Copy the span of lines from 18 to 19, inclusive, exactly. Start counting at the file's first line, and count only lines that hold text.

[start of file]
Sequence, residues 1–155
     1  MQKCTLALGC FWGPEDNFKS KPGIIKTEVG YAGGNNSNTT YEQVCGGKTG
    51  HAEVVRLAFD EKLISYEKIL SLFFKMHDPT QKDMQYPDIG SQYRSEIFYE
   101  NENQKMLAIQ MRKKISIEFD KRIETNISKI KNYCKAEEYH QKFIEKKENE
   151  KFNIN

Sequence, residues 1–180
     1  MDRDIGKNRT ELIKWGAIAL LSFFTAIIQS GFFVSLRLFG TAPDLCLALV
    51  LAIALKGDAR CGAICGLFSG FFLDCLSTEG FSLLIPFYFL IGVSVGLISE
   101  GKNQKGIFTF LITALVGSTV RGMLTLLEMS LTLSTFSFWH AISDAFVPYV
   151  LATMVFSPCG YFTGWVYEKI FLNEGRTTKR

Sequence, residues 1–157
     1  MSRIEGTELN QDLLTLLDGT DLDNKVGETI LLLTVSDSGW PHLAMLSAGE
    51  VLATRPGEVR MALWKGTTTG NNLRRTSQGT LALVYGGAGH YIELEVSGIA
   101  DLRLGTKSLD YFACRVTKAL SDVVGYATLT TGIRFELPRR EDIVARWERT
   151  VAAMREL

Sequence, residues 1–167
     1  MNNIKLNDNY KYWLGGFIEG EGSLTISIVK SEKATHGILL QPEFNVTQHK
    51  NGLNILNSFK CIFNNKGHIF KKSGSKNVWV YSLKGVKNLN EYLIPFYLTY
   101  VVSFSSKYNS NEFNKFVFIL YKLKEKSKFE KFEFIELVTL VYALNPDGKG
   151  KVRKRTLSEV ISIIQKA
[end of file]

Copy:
    51  NGLNILNSFK CIFNNKGHIF KKSGSKNVWV YSLKGVKNLN EYLIPFYLTY
   101  VVSFSSKYNS NEFNKFVFIL YKLKEKSKFE KFEFIELVTL VYALNPDGKG